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Last modified: December 3, 2005




Mode of transmission

Lethal yellowing disease is not transmitted by seednuts (ripe coconuts in the husk) or by commercial dry nuts (with or without husk) used to make desiccated coconut or to process to coconut oil.

Seed transmission of LY has never been demonstrated. Experiments have been made where seednuts that have been collected from susceptible palms in diseased areas (and picked up from the ground beneath dying palms) have been germinated and grown in disease free areas and monitored regularly. These experiements have never given rise to diseased seedlings or plants.

Nevertheless, the commercial movement of seednuts from areas where LY is epidemic to areas free of the disease is not permitted by any national or international plant quarantine regulations. Individuals should never be tempted to take a single nut from a diseased area to plant in their garden in a disease free area. The statistical probability of seed transmission may be infinitessimally small but it is not zero.

Although phytoplasma have been identified in embryos it has not (yet) been shown that those embryos can germinate normally, or if they can be germinated in culture, that the resulting plantlets will contain the phytoplasma and be infectious sources to allow acquisition by uninfected vectors.

Artifical transmission has been attempted, using carborundum incoculation, pressure inoculation or paristic plants such as Cassytha filiformis, but without success.

Transmission by insect vectors collected from diseased palms or in diseased areas has been reported from Jamaica and Florida but has not been successful elsewhere. The Jamaican transmission test failed to identify the vector, whereas in Florida, Myndus crudus was implicated (Tsai, 1975 & 1977; Howard & Thomas, 1980).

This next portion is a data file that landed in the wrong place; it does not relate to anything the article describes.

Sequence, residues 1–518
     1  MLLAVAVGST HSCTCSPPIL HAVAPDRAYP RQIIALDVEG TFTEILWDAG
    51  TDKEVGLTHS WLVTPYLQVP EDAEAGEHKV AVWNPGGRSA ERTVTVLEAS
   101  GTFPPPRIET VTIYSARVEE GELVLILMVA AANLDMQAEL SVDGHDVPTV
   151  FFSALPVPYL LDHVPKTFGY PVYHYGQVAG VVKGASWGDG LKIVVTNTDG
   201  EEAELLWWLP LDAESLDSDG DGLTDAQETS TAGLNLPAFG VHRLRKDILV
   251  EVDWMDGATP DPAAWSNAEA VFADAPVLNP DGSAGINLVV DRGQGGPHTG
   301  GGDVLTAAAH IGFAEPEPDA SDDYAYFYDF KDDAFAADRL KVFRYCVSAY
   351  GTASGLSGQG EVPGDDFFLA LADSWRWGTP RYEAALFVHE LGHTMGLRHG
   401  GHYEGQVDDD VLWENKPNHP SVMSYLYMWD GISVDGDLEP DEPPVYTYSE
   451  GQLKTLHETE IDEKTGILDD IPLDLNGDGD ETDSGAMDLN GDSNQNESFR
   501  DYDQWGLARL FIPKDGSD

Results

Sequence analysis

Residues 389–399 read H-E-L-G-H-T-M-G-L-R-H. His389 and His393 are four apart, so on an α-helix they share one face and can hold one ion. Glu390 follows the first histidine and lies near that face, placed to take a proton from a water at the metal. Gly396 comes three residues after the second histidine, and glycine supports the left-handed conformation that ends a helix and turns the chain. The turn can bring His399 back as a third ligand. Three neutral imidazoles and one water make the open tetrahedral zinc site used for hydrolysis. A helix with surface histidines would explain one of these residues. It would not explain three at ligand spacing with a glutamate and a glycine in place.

It is not known if a single infection by a single insect of a single phytoplasma is sufficient to cause infection or if multiple infections by numerous vectors (possibly of more than one genus and perhaps of different pathogenic strains of the phytoplasma) are necessary,

Radioactive markers indicated that other phloem feeders in Jamaica were potential vectors (Eskafi, 1982) but once M. crudus accused was these have never been tested.

Transmission tests using caged palms in Ghana and Tanzania have also been unsuccessful.

Alternative methods of caging potential vectors in small cages on leaflets have also failed to effect transmission.

All these methods have relied on symptom development, however, modern PCR techniques might be able to show that infection occurs in the locality of a local ised feeding site even if a small event does not lead to infection of the whole palm.

Arrow ewaf infection site

Stem tissue


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